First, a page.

Univision’s María Elena Salinas Gets Booed at Cal State Fullerton Grad Speech

Racial tension was in the air yesterday at Cal State Fullerton’s commencement ceremonies, specifically where keynote speaker and renowned Univision broadcast journalist María Elena Salinas addressed graduating Titans, including myself. 

Salinas delivered two speeches yesterday: one as the keynote speaker for Sunday’s school-wide university ceremony (opera star Deborah Voight addressed the Saturday crowd), and the other at the College of Communications ceremony at Titan Stadium. While yours truly missed out on the university-wide ceremony due to an ungodly start time of 8 a.m., I did witness the controversy first-hand at the smaller communications ceremony.

While a snippet of Salinas’ university-wide and “tamer”commencement speech is available on Univision’s YouTube website, footage of her more provocative speech has not surfaced online yet. 

The uproar began when Salinas took the stage to kick off the College of Communication’s ceremony. It’s important to note that the College of Communications mostly awarded degrees yesterday to the baccalaureate programs of journalism, photo-communications, advertising, public relations and entertainment and tourism communications. Also, Cal State Fullerton is known to host a relatively diverse student body as shown in the university’s 2016 fact sheet. 

Salinas’ speech was well-received until it became a little too Latino-centric for some and blatantly anti-Trump. The Univision broadcaster began specifically congratulating Latino journalism graduates for what seemed like a large chunk of her speech. She then began speaking in Spanish and asked the crowd to repeat a few inspirational words after her, in Spanish. This left non-journalism grads and non-Latinos/non-Spanish speakers feeling excluded. Parents in the audience and even students in the ceremony began demanding Salinas switch to a more inclusive tone by shouting phrases such as, “What about us?!”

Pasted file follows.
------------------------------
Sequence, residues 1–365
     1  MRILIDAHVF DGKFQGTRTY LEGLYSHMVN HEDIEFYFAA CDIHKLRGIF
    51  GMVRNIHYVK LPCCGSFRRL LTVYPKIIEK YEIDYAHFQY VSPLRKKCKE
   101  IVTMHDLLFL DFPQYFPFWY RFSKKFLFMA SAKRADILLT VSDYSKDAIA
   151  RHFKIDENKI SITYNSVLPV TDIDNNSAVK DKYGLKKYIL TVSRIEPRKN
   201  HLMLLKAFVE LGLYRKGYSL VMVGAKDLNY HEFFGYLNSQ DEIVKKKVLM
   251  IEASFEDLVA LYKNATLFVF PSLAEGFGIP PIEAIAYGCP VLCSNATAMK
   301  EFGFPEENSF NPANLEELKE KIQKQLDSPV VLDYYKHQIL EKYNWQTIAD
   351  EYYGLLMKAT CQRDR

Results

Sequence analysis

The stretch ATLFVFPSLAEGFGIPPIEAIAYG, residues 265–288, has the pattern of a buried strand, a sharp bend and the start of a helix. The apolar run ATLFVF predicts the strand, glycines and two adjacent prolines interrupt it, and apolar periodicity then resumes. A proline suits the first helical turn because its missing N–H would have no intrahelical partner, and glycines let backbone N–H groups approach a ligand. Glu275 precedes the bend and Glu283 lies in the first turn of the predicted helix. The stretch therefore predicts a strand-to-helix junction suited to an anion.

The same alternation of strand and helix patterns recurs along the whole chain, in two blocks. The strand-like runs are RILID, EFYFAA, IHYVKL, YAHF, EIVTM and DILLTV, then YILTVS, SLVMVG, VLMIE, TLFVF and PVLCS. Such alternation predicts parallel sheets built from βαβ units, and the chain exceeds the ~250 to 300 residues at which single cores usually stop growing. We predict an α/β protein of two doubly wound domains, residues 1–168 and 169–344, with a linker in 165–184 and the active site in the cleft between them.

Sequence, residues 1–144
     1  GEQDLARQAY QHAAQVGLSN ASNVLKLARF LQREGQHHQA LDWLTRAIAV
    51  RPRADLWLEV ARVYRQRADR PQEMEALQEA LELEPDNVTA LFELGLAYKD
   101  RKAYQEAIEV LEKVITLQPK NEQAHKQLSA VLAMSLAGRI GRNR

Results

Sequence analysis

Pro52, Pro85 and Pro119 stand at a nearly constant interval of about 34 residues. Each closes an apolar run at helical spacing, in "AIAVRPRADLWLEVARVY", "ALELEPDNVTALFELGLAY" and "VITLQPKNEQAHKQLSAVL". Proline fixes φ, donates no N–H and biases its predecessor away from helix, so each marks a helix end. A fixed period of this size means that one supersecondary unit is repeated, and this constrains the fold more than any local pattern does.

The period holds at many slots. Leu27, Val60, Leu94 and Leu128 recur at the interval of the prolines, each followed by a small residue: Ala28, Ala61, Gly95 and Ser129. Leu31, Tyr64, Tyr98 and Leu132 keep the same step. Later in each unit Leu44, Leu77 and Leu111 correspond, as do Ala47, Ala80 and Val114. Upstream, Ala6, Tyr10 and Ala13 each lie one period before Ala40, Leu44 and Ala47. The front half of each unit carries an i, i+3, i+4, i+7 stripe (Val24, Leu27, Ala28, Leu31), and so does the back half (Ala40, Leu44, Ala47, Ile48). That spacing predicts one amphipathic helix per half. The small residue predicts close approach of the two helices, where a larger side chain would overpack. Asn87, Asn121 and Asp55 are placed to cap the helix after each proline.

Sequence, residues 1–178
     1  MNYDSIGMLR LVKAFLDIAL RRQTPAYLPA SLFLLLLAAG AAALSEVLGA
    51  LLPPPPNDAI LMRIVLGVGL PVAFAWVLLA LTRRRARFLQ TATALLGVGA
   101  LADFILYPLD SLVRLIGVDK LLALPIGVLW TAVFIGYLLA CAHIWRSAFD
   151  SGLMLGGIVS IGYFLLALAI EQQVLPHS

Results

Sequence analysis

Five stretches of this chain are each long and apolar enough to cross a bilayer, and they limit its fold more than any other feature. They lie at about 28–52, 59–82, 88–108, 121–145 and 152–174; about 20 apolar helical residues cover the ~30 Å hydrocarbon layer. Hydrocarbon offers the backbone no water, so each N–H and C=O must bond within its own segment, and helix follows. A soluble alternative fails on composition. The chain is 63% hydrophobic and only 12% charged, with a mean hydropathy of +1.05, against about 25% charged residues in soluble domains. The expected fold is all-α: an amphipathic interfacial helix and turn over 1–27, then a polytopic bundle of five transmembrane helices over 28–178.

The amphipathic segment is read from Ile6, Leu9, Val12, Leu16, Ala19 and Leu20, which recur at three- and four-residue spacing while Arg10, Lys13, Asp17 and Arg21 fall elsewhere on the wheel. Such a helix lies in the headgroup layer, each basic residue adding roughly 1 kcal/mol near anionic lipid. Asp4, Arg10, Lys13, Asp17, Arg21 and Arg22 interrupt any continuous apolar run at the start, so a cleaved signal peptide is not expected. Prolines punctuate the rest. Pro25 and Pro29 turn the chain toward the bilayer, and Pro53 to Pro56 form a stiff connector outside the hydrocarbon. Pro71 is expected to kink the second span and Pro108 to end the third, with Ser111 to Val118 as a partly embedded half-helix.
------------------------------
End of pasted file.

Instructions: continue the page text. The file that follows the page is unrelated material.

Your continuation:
Tensions worsened as Salinas began offering advice to journalism students to use the tools of media to rebut political figures such as Donald Trump*. That’s when folks began yelling things to Salinas such as, “Get off the stage!” and “Trash!” Video of this moment is available here. 
As the ceremony painfully continued, I sat in my chair cringing at both the spectators’ rude comments and Salinas’ brazen speech. The racial aggression experienced at the recent Trump rally in Costa Mesa was not something I wanted seeping into my graduation ceremony. But alas, reality sunk in, and audience members began booing Salinas while others combatted the voices of dissent with louder cheers. 
Salinas seemed unfazed by the comments and finished her speech where she finally praised a variety of ethnic students other than Latinos, but the damage was done.  When asked via Twitter what she thought of the crowd’s backlash, Salinas said she didn’t notice any aggression and added that perhaps racism fueled any crowd disapproval, to which an attendee disagreed with. 
Immediately following Salinas’ speech, a Cal State Fullerton faculty member began listing off accolades achieved by the university. Maybe because he was fully aware of the racial tension in the crowd, the professor seemed hesitant to share that the university is number-one in awarding degrees to Latino students in California and fifth in the nation, something that Salinas proudly pointed out in her Instagram post. It was almost as if faculty were shaken up by the mini, verbal race riot that had just erupted. 

Finally, other speakers neutralized the environment with less controversial speeches. Then, graduates began to walk the stage to receive their diplomas and well-deserved glory. The moment of racial tension and political division subsided and everyone at Titan Stadium harmoniously celebrated all of CSUF’s 2016 College of Communication graduates—as quickly as the audience divided earlier in the ceremony, they united to cheer on their accomplished scholars. Everyone retained and kept their cool, of course, until they found themselves stuck in post-ceremonial exit traffic. 

*Editor’s note: Salinas is publicly complaining that we misinterpreted her College of Communications speech incorrectly, and that she never attacked Trump. We never said she did; we specifically said that she “began offering advice to journalism students to use the tools of media to rebut political figures such as Donald Trump,” and that boo-birds popped up when she mentioned his name. Salinas’ quote we paraphrased—the one she said we misinterpreted—is as follows: “Thanks to technology, now we can prove that the candidate actually said what he or she said they didn’t say.” Sure sounds like advice to students about rebutting candidates! In the next breath, she mentioned Trump—and there you go.

Besides, Trump-hate was on her mind; in her campus-wide speech earlier that day, Salinas told the crowd that Bernie Sanders and Hillary Clinton “are the only choices” for president while flashing a smile, then followed up with praise for the graduates because “you are the ones who are going to build bridges, not walls,” while waiting for applause for the obvious dig at Trump’s wet dream. See the earlier sequence here.

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